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Examining the Relationship Between Lethargy and Grief

Category: 

Grieving Process

Posted On: Jan 23, 2017

Examining the Relationship Between Lethargy and Grief

Grief is a draining emotion. It saps your will to do anything. After a while, you're too exhausted even to cry. But why is that? Why are sadness and lethargy so inextricably linked? It's worth examining because of the irony. We experience this profound tiredness at a time when we most need extra energy. The trappings of death are not easy. From comforting and sharing last words with your loved one to preparing them for the next part of their journey to supporting and hosting friends and family, there's no end to the tasks you have to perform—and yet, sometimes, it's impossible to even get out of bed in the morning.

Depression Is an Energy-Sucker

Make no mistake, you are experiencing a form of depression. It's situation and—hopefully—short-lived, but it's still depression. You're tired five minutes after you get out of bed. Getting ready to go out of the house is exhausting. Just getting ready for the day in general knocks you off your feet. No matter how much coffee you drink, you're still bleary-eyed and fuzzy-minded. Your limbs feel like lead. Your feet feel like concrete.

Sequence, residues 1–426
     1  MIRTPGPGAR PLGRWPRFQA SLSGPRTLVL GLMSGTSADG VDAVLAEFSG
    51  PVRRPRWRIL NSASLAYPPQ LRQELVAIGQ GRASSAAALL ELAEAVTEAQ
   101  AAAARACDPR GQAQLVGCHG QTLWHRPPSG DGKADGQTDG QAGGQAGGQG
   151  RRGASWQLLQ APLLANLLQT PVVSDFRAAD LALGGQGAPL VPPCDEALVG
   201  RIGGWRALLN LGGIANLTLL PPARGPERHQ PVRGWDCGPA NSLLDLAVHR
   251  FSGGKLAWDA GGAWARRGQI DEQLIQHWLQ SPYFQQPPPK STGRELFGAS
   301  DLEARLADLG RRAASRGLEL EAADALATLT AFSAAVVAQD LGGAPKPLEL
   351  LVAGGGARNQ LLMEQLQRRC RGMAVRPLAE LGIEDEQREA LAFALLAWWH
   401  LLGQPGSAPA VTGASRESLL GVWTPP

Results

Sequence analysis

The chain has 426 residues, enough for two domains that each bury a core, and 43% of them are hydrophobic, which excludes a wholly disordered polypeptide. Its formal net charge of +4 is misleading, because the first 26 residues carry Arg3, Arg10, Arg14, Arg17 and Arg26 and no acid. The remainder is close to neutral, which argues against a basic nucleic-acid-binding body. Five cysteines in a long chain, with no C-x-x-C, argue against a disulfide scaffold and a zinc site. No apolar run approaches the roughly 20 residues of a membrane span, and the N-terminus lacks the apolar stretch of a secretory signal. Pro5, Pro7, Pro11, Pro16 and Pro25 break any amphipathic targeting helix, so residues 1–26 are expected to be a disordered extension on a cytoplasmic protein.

Shock Keeps You Standing Still

Even if your loved one's death was in some way expected, it's still a shock. A relative or friend passing suddenly is also a surprise to the system. Everyone reacts differently to shock, but it can and does leave you immobile and numb. Because you cannot immediately cope with the heartbreaking reality of the situation, you're unable to move forward or backward in your daily life.

Being Overwhelmed Stops Your Progress

Death is almost always overwhelming. Again, even an expected death leaves chaos and tragedy in its wake. Sometimes, when the mind is too overwhelmed, it simply shuts down and goes on strike. Although that form of lethargy doesn't take the form of exhaustion, you're still lethargic.

This will pass, but sometimes you have to push yourself. It's far too tempting to continue floating along without making any decisions or worrying about what happens next. Don't give in to that urge.